It is advisable that the U.S. citizen petitioner file a separate green card petition on the child’s behalf concurrently with the green card petition that is filed for the spouse.     While there is no requirement that a separate application needs to be filed for the child’s petition, it is advisable if a K-4 visa is desired.

K-3 or K-4 nonimmigrant visa holders are only admitted for a 2-year period.  A K-3 or K-4 nonimmigrant visa holder may apply for an extension of status in 2-year increments as long as the marriage-based green card visa petition or a corresponding application for adjustment of status or visa application is still pending adjudication.  A K-4’s authorized stay automatically expires when the K3’s status expires.

Are you Eligible for a Family Based United States Green Card?

Family_Portrait

Relatives of U.S. Citizens can obtain U.S. Green Cards!   If you have a U.S. Citizen relative and fall under any of the below categories, it is likely that you are eligible for a U.S. Green Card!

  • Spouse
  • Unmarried Child, Under the age of 21
  • Unmarried Stepchild, Under the age of 21
  • Adopted Child, Under the age of 18
  • Unmarried Child, Over the age of 21
  • Parent or Step-parent
  • Married Son or Daughter
  • Brother or Sister

Even people who are relatives of U.S. Green Card holders may be eligible for a U.S. Green Card themselves.  If you have a relative who holds a valid U.S. Green Card, and you fall under any of the below categories, it is likely that you may also be eligible for a U.S. Green Card.

  • Spouse
  • Unmarried Child, Under the age of 21
  • Unmarried Stepchild, Under the age of 21
  • Adopted Child, Under the age of 18
  • Unmarried Child, Over the age of 21

If you have any questions about your eligibility to obtain a U.S. Green Card, please feel free to contact Your Immigration Angel for a free consultation.

Top 5 Reasons a Marriage Based Green Card Application is Denied by USCIS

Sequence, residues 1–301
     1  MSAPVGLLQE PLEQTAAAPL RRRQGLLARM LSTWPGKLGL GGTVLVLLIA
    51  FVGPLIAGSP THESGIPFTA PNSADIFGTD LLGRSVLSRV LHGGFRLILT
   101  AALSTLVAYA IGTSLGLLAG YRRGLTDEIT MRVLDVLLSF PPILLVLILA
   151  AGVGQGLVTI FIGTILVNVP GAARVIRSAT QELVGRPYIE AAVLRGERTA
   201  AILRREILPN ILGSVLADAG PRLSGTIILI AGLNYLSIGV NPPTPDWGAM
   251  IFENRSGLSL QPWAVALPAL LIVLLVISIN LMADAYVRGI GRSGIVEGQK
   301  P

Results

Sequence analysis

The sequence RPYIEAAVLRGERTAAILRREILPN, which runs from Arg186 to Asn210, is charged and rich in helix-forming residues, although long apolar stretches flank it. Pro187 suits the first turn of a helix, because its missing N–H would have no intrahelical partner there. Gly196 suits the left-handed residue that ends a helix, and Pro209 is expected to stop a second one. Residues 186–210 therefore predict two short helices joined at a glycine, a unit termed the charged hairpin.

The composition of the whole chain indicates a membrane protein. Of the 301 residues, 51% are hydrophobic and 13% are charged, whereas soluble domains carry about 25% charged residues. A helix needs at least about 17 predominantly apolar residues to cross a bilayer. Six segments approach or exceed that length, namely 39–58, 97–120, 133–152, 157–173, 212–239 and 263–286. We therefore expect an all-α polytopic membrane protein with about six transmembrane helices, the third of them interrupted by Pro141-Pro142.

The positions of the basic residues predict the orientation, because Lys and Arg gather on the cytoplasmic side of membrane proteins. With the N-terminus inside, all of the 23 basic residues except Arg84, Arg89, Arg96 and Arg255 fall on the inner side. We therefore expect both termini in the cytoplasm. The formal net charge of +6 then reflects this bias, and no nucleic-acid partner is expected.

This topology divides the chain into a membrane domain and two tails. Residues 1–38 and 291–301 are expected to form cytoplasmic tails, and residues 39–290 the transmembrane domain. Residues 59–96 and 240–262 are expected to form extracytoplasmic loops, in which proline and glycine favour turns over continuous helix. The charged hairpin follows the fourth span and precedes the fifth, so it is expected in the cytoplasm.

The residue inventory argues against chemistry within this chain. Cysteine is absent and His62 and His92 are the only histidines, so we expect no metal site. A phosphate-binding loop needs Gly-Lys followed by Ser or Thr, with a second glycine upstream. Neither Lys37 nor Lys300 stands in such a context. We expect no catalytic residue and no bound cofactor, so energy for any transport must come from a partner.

broken heart with band aid

Obtaining a marriage based green card may be a dream come true for many couples.  However, this sweet dream can instead become a nightmare if you or your spouse’s green card application is denied.   Although romantic and comedic movies have been made about how fun and easy it is to obtain a marriage based green card, that is often far from the truth.  In reality, immigration law is a complex field, and the United States Citizenship and Immigration Services must adhere to strict rules and regulations.  There are many reasons a marriage based green card application may be rejected, but the following are some of the most common causes of denial.

  1. Incorrect Green Card  Application, Wrong Fee, Incorrect Mailing Address for USCIS
  2. USCIS Considers Your Marriage a “Sham” or Fraudulent Marriage
  3. Lack of Financial Security to Become a U.S. Citizen
  4. Misunderstanding Your U.S. Green Card Eligibility
  5. USCIS Determines Ineligibility Based on Crimes, Previous Marriages

If you have any questions or concerns about whether your marriage green card application or if your marriage will be questioned by immigration officials when you apply for a U.S. green card, feel free to contact us today!

Interested in Obtaining a Marriage Based Green Card?  Would YOUR Relationship Pass the Test?  

heart flag and flowers

It’s almost Valentine’s Day!  What could be more romantic than ensuring that you and your spouse can live together in the United States, happily ever after?  Marriage green cards are a great immigration option for many immigrants who have married U.S. citizens or lawful permanent residents.  But along with a number of other eligibility requirements (see our post on eligibility) your relationship must be able to withstand the scrutiny of USCIS!

USCIS needs to be assured that you are in a bona fide marriage.  When two people get married and intend to establish a life together as spouses, the marriage is bona fide.   A marriage entered into for the sole purpose of getting a green card is not bona fide.  It’s called a “sham” or “fraudulent” marriage, and the USCIS tries to uncover these fake marriages and will refuse to issue green cards to people in a marriage that does not appear to be bona fide.  USCIS is very strict in determining whether a marriage is bona fide.  You will be asked many questions during the course of your application process and you will have to provide extensive documentation to show that you are establishing a life together.   How can you prove that your relationship is bona fide?   Continue reading